A Guide To Your Dodge Vehicle’s Alternator and How It Works
Alternators are some of the most robust components you'll find under the hood of a Chrysler product, as well they should be: everything from the spark plugs to the infotainment system depends on getting a steady supply of power from this automotive generator. Even if it seems to be working fine, a weak alternator can keep your battery from being fully charged, which can make the difference between getting to work and getting stranded during one of Chicago's infamous lake effect snow storm.
The Components of an Alternator and How They Work
The alternator mounts on a bracket that lines it up with the drive pulley on the end of the engine's crankshaft. A belt runs from the drive pulley to the alternator pulley, spinning the shaft. This shaft rides on a set of bearings and has a magnetic rotor mounted on it. This rotor spins past a set of stators, large coils of wound copper wire. As the rotor passes by the stators, it excites the electrons in the copper, generating alternating current. That AC power is then fed into a rectifier. It contains diodes that turn the back-and-forth motion of the current into a solid, steady DC current. A voltage regulator that keeps the current at the voltage your vehicle needs, typically around 14 volts. From there, that electricity is sent through two connectors to the vehicle's electrical system.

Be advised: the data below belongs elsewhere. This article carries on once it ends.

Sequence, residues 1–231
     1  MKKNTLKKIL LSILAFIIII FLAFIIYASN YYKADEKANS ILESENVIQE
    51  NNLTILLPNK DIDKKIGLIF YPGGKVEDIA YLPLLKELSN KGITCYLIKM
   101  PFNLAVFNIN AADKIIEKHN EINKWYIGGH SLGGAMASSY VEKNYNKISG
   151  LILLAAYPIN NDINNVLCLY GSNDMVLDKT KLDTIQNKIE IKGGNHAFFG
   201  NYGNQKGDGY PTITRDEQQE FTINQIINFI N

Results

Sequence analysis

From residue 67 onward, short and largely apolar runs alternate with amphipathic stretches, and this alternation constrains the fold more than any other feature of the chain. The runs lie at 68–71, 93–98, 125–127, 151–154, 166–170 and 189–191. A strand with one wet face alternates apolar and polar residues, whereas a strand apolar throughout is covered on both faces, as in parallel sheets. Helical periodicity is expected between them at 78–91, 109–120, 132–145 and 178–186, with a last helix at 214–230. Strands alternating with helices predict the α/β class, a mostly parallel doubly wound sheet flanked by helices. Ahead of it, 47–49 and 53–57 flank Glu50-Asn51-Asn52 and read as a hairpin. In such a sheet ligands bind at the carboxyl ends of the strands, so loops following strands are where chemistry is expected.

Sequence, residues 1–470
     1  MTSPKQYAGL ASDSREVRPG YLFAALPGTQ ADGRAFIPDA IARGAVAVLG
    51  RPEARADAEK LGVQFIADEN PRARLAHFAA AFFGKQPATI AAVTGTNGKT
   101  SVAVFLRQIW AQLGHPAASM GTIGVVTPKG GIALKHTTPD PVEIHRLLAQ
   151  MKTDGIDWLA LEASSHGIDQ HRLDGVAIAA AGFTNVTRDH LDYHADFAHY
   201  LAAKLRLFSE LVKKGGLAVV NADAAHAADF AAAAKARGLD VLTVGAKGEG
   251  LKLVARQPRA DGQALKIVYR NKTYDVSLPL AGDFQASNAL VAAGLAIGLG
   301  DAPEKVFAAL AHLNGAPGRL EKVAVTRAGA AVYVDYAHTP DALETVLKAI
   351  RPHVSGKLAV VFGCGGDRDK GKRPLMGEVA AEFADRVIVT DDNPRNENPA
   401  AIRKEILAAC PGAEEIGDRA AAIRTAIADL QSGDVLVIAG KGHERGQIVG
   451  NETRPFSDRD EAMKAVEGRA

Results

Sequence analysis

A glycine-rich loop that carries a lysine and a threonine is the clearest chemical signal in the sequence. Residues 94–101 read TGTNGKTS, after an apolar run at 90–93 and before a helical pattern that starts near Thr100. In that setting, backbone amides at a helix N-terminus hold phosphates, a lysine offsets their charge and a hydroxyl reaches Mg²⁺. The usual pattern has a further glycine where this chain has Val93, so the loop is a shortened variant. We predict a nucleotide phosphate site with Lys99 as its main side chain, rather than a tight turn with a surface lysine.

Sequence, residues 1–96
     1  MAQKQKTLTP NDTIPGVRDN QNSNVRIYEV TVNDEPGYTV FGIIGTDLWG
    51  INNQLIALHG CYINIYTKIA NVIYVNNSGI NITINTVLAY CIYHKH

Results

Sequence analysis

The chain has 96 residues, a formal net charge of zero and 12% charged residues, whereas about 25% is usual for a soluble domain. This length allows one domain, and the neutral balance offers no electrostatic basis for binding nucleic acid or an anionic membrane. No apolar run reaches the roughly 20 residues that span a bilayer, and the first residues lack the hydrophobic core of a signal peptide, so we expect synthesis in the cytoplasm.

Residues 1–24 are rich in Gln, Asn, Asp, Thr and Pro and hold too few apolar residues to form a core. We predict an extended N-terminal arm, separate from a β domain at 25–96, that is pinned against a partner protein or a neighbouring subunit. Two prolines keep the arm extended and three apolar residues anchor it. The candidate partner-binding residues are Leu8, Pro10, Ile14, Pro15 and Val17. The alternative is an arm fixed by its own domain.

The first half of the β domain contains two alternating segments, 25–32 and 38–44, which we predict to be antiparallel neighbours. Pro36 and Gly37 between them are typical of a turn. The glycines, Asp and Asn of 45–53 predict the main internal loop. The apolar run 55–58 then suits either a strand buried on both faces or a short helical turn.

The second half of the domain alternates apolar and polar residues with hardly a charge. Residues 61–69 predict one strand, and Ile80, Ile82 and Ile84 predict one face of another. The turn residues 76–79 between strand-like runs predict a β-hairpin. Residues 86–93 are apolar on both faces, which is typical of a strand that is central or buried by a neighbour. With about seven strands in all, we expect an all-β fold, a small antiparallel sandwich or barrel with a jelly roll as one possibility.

Why Do Alternators Make AC Current?
Older vehicles used generators to make electricity, turning engine power into the correct current for the electrical system. However, DC generators are only efficient at specific speeds. An alternating current generator works well at a wide range of speeds, helping it deliver power to the electrical system no matter how fast the engine is driving it. As power demands increased, it made sense for auto manufacturers to switch over the AC generators paired with rectifiers to create a steady supply of DC power. We call this generator/rectifier combination an alternator.
How do Alternators Fail?
The case of the alternator has vents on the front and back to release heat from power generation. If these are blocked or the engine compartment is too hot, the alternator will fail. A cracked case can also cause the alternator to short.
Over time, dirt and heat can cause the bearings to fail, keeping the shaft and rotor from spinning fast enough to generate power.
Heat and vibration can cause splits in the copper wires that make up the stators. The alternator will still function, but with a lower output.
If the voltage regulator fails, the voltage can spike, overloading the electrical system.
How Can I Tell if My Alternator is Failing?
If the alternator isn't providing electricity, your vehicle can run for a short time on just the battery. A car battery will have a rated reserve time anywhere between a half hour and a couple of hours when running accessories, but this drops dramatically if it's being used to power the ignition system. As the battery drains, the voltage will drop, causing odd behavior of electrical components including flickering dash lights, dimming headlights and misfiring.